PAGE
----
Engineering RNA logic with synthetic splicing ribozymes
Author(s)Che, Austin, 1979-
Engineering ribonucleic acid logic with synthetic splicing ribozymes
Massachusetts Institute of Technology. Dept. of Electrical Engineering and Computer Science.
Thomas F. Knight, Jr.
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Reusable components, such as logic gates and code libraries, simplify the design and implementation of electronic circuits and computer programs. The engineering of biological systems would benefit also from reusable components. In this thesis, I show the utility of splicing ribozymes for the biological engineer. Ribozymes allow the engineer to manipulate existing biological systems and to program self-modifying RNA systems. In addition, splicing ribozymes are easy to engineer, malleable, modular, and scalable. I used the model ribozyme from Tetrahymena to explore the principles behind engineering biological splicing systems in vivo. I show that the core ribozyme is modular and functions properly in many different contexts. Simple base pairing rules and computational RNA folding can predict splicing efficiency in bacterial cells. To test our understanding of the ribozyme, I generated synthetic ribozymes by manipulating the primary sequence while maintaining the secondary structure. Results indicate that our biochemical understanding of the ribozyme is accurate enough to support engineering. Splicing ribozymes can form core components in an all-RNA logic system. I developed biological transzystors, switches analogous to electrical transistors. Transzystors can use any trans-RNA as input and any RNA as output, allowing the genetic reading of RNA levels. I also show the ribozyme can write RNA using the trans-splicing reaction.(cont.) Trans-splicing provides an easy mechanism to hook into an existing biological system and patch its operation. The generality of these ribozymes for a wide set of applications makes them promising tools for synthetic biology. Keywords: synthetic biology, RNA, Tetrahymena, ribozyme, splicing, transzystor.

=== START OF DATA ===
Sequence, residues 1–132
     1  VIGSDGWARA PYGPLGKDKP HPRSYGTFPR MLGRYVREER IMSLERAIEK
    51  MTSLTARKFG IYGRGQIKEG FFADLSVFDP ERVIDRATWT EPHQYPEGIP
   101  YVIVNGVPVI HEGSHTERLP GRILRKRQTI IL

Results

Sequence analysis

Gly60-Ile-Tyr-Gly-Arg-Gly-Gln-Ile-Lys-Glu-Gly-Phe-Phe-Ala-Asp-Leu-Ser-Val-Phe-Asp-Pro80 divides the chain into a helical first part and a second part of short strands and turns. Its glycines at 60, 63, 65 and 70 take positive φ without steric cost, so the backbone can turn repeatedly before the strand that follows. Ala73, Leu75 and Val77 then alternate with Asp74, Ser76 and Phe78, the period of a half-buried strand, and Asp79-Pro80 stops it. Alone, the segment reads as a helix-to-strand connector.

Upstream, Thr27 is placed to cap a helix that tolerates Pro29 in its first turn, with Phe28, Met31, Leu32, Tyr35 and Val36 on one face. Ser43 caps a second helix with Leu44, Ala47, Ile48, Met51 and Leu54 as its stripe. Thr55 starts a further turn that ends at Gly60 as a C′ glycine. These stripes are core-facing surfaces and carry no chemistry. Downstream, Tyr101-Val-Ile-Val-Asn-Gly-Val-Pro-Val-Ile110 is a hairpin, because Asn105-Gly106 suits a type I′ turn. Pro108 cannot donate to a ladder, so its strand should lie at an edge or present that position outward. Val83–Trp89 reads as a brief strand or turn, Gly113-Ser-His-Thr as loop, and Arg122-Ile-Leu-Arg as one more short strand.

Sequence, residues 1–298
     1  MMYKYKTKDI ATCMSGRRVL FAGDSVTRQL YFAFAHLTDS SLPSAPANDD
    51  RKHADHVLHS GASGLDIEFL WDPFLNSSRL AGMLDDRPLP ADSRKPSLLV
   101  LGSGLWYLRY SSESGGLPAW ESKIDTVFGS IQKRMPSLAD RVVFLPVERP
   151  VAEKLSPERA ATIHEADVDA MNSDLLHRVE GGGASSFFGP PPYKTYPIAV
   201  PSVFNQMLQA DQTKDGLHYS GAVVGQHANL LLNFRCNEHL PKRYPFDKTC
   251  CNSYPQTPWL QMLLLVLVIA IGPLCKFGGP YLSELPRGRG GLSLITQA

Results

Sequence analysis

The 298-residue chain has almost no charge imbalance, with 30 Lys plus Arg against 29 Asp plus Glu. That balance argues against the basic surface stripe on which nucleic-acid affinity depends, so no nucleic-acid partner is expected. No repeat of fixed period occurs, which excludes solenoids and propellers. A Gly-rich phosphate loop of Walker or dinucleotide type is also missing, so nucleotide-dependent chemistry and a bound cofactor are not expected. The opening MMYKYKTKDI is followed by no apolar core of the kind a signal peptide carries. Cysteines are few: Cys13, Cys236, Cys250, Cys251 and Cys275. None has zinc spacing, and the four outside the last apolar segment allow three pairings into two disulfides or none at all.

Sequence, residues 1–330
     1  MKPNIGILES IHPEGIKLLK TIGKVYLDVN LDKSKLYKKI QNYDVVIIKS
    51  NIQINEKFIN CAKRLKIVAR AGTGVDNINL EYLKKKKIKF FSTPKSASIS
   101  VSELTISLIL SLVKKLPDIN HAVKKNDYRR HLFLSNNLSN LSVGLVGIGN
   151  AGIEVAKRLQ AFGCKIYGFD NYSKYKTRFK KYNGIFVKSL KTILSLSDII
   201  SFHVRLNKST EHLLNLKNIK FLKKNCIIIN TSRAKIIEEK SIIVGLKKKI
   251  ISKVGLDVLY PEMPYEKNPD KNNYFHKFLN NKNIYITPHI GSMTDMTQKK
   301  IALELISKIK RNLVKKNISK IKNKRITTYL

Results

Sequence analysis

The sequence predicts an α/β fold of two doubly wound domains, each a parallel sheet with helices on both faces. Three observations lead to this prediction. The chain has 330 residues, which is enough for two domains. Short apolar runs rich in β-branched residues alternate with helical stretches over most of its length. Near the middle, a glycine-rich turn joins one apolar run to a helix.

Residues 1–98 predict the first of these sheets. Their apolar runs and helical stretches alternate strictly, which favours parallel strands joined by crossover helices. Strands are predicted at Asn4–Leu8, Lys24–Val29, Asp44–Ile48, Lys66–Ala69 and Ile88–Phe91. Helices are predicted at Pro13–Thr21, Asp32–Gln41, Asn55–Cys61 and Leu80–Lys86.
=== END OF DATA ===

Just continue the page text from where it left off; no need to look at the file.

Thesis (Ph. D.)--Massachusetts Institute of Technology, Dept. of Electrical Engineering and Computer Science, 2008.Includes bibliographical references (p. 169-185).
DepartmentMassachusetts Institute of Technology. Dept. of Electrical Engineering and Computer Science.
Massachusetts Institute of Technology
Electrical Engineering and Computer Science.